It's no secret that Intel has dialed up the power with Rocket Lake to compete with AMD's vastly more efficient chips, so you'll have to ignore the higher power consumption if you choose to go with an 11th-gen Intel chip. As such, there are no real surprises here — the Core i7-11700K draws more power in every measurement than the Ryzen 5000 lineup, and also more power than its 10th-gen predecessor, the Core i7-10700K.
As you can see in our renders-per-day measurements, Intel's Rocket Lake isn't in the same league as Ryzen 5000 in terms of efficiency, either. You'll have to turn a blind eye to the high power consumption if you choose a Rocket Lake processor.
Here we take a slightly different look at power consumption by calculating the cumulative amount of energy required to perform Blender and x264 and x265 HandBrake workloads, respectively. We plot this 'task energy' value in Kilojoules on the left side of the chart.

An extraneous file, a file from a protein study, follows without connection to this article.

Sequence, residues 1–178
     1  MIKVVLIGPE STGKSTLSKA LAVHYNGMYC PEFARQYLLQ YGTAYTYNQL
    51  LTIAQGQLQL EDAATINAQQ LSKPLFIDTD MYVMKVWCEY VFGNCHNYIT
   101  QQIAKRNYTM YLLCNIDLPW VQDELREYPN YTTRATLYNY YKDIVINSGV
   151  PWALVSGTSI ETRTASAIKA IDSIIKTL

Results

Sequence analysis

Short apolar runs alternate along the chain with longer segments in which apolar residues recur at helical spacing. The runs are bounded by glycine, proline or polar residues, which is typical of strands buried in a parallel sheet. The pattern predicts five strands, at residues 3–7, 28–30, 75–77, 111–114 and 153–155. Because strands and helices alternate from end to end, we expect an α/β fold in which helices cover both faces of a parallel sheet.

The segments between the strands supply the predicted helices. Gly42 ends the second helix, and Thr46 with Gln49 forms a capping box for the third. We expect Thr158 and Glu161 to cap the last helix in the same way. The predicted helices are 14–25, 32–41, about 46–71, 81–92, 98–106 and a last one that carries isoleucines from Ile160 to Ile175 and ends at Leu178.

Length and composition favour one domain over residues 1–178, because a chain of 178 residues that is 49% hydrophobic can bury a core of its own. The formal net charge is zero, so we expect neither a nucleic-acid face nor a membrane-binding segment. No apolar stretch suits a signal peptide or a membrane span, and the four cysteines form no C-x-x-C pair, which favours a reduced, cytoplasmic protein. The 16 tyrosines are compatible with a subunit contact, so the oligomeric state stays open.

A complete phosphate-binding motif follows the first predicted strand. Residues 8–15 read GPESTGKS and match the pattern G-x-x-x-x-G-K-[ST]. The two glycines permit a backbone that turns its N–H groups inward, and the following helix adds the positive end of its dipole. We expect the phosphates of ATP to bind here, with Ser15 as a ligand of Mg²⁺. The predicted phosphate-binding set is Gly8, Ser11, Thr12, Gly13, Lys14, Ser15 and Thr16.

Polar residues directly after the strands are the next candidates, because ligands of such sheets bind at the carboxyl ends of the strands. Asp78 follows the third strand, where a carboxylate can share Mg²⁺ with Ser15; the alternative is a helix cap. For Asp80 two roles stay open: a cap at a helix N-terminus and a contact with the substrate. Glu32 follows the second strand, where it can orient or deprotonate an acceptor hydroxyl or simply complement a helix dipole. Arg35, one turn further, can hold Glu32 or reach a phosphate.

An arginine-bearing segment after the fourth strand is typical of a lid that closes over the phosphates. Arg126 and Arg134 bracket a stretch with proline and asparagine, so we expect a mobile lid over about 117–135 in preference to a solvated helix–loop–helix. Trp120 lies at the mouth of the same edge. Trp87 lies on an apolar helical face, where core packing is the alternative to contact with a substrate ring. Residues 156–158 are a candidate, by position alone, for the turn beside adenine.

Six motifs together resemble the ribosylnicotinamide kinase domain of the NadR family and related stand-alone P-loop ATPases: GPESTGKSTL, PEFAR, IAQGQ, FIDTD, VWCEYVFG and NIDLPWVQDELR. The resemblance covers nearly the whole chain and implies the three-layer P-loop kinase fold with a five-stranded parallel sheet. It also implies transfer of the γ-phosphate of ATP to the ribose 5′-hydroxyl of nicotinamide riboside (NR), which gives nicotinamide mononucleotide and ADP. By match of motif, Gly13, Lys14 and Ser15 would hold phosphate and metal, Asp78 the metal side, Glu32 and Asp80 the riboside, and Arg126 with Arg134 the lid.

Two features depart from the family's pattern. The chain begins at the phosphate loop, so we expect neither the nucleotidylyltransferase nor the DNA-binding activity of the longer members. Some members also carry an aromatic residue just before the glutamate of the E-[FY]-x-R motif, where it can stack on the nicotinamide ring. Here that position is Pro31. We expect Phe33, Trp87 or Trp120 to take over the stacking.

These workloads are comprised of a fixed amount of work, so we can plot the task energy against the time required to finish the job (bottom axis), thus generating a really useful power chart.
Bear in mind that faster compute times, and lower task energy requirements, are ideal. That means processors that fall the closest to the bottom left corner of the chart are best. That distinction still belongs to Ryzen.
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